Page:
The layer of the derma almost entirely lacking of sebaceous glands, the epidermis has a very developed horny layer and it is poor of capillary terminations. It�s this anatomical particularity that allows the Spinone to enter at his ease the iced water, to voluntarily sleep on the snow and to face without injury, the bramble-bush inaccessible to other dogs.
The pigment has to be relative to the colour of the mantle, and they never have to show black or white spots with no pigmentation.
The thin, soft, greasy and flabby skin
Rather thick on the whole, but always proportionate   to the body and the stature.
The small heads, disproportionate are not typical of the Spinone.
Superficially the lateral sides of the skull have to slightly form a convex shape. In the center on the median line, the marked interparietal crest that goes to heal the very developed occipitale apophysis.
The lateral walls of the skull, especially in the back, softly decline so that the superior part never lies flat.
The opposite sides of the skull have to be narrow.
The mastoid temporal region must be depressed, and the bulge of the forehead and the superciliary arches not too marked.
A well proportionate head is when measured by the occipital bone to the point of the nose should be when its half falls on the joining line of the eyes.
The flat head on the upper part that is of a ball shape; the heads that are too large on the sides of the skull without interparietal crest; with eyebrows arcades that are leaning out too much and, generally, the heads with angularity in the features.
Should be on the same line of the nasal bridge - big, spongy, of rosy colour in the whites and in the white orange, brown in the roans and in the brown roans brown. From the front the nose is slightly leaning out from the joint of the lips. The nostrils have to be big, and well opened.
The lifted up nose, small, pointed, too dark in the whites, blackish in the roans, with spots with no pigment and with black stains. The narrow nostrils.
Nasal bridge.
The nasal bridge is long, straight or better slightly like the one of the ram.
The face seen of forehead is square, seen in profile it is slightly rounded off to its anterior extreme and slightly receding to the back.
Prolonging the superior line of the nose it has to pass above or tangentially to the occipital apophysis, but never below.
Short nasal bridge square, pointed, or excessively narrow to the sides.
Depression of the frontal nose.
It must be mentioned and the link between the two lines of the nose and of the skull has to be � �I would say almost pretty.�
The frontal nose �jump� marked.
Moderate in the development and of average bigness. The lower lips slightly escape to the back; the uppers divide under the nose and becoming round to their anterior extreme so that they cover the lower ones and they reach the labial joint with a light fold, and are not excessively drooping.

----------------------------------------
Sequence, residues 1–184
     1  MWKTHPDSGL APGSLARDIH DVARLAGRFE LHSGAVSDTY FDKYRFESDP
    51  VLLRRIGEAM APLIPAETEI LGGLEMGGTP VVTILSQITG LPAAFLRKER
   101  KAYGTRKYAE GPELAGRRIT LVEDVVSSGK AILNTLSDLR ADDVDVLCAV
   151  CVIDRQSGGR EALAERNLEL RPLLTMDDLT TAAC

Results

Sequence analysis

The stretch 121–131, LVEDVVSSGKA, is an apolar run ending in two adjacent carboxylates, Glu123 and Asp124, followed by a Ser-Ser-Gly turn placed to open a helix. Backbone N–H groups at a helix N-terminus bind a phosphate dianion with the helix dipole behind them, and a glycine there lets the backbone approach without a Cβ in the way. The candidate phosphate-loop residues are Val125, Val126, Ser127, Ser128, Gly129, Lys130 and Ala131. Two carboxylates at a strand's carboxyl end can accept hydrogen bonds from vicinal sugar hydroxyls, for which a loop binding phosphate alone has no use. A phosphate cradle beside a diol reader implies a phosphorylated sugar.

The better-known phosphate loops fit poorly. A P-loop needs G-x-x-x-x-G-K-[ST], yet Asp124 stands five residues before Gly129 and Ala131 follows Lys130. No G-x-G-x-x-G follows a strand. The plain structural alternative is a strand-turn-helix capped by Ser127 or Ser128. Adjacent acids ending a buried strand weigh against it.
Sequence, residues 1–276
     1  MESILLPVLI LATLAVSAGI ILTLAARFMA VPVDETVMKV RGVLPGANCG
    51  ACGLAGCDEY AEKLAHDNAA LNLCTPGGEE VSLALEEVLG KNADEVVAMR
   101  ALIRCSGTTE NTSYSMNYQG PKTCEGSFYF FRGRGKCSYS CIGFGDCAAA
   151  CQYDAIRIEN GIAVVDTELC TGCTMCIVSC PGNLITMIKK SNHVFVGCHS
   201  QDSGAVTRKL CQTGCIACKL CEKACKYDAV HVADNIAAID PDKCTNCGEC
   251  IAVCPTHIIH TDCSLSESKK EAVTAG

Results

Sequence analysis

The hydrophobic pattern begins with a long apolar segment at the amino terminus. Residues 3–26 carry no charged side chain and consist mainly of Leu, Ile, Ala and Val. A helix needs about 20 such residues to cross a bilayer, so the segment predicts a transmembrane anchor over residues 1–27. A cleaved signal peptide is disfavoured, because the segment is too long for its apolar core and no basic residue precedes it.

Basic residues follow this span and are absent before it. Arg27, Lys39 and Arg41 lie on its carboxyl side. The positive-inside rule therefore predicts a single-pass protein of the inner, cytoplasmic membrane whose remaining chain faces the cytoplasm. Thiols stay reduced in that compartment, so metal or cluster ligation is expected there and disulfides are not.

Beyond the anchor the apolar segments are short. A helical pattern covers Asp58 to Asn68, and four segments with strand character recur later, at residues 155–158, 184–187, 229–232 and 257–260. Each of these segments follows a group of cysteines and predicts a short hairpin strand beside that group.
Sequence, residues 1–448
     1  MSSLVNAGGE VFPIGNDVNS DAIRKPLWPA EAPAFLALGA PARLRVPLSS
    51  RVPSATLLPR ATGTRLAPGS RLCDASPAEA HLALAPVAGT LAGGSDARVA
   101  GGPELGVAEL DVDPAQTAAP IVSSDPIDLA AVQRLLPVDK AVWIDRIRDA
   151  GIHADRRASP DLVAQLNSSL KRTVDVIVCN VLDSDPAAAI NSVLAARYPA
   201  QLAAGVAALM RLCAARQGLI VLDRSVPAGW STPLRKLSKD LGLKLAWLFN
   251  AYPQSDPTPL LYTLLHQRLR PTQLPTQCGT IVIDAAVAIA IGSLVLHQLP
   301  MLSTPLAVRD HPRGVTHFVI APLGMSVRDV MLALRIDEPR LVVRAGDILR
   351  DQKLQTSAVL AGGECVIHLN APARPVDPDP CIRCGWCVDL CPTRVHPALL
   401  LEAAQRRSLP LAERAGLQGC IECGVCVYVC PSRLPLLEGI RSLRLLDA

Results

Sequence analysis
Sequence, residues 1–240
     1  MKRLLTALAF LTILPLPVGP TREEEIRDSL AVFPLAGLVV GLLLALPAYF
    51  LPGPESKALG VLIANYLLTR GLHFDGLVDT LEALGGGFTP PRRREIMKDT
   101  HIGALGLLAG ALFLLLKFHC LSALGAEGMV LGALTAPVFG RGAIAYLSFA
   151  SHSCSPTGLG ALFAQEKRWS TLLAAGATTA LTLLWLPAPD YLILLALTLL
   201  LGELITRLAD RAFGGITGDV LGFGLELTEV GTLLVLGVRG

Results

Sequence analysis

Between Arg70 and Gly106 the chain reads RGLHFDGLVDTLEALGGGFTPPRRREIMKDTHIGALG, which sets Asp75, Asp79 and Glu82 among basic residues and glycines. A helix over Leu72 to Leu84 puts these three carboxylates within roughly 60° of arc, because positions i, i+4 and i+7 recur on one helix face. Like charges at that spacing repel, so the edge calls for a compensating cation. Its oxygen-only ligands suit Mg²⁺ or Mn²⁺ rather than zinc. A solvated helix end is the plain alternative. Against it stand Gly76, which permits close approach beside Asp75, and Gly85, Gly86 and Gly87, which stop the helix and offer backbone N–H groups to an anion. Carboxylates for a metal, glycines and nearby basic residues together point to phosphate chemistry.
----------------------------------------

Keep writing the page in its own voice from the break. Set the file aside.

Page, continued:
Abundant and flabby lips; fold of the labial joint too marked and drooping.
Strong developed, well fit together.
Slender jaw, superior and inferior prognathism.
The eye.
The expression and the conformation of the eye are one of the most important characteristics of the Spinone.
The eye has to let shine through the seriousness, the goodness and the intelligence; it must be well positioned in the skull; the eyes must be well spaced out. Eyes close to one another will never give the Spinone expression.
The eye has to be big and well opened so that the pale coral colour of the inside is visible.
The inferior eyelid has to tend to the roundness, well inserted, never drooping. The eyeball never has to be leaning out.
If the eye is well positioned then it is a good sign; the two joining lines, the two prolonged external, internal angles of the eye, they have to meet themselves on the nose to form a very brief distance from the internal angles.
The colour of th6e iris is intense yellow in the whites and white orange, and it tends to be ochre in the brown roans.
The small eyes; when too close to each other; the almond shaped eyes; the iris too clear or too dark; the suspicious look; flashing; sharp; and gazelle shaped eyes.
The ear.
Of average size, in length it just surpasses the inferior line of the neck. Attached on the horizontal line one of the eye, with not too large joint, does not drop too rolled up, but with a slight leaning towards the inside of the head, and almost adherent to the cheek, never finishing pointed, but slightly rounded off and turns a bit outwards.
The skin of the ear is thin, soft; the hair that covers it is short and dense, interpolated by a light undercoat that thickens at the edges.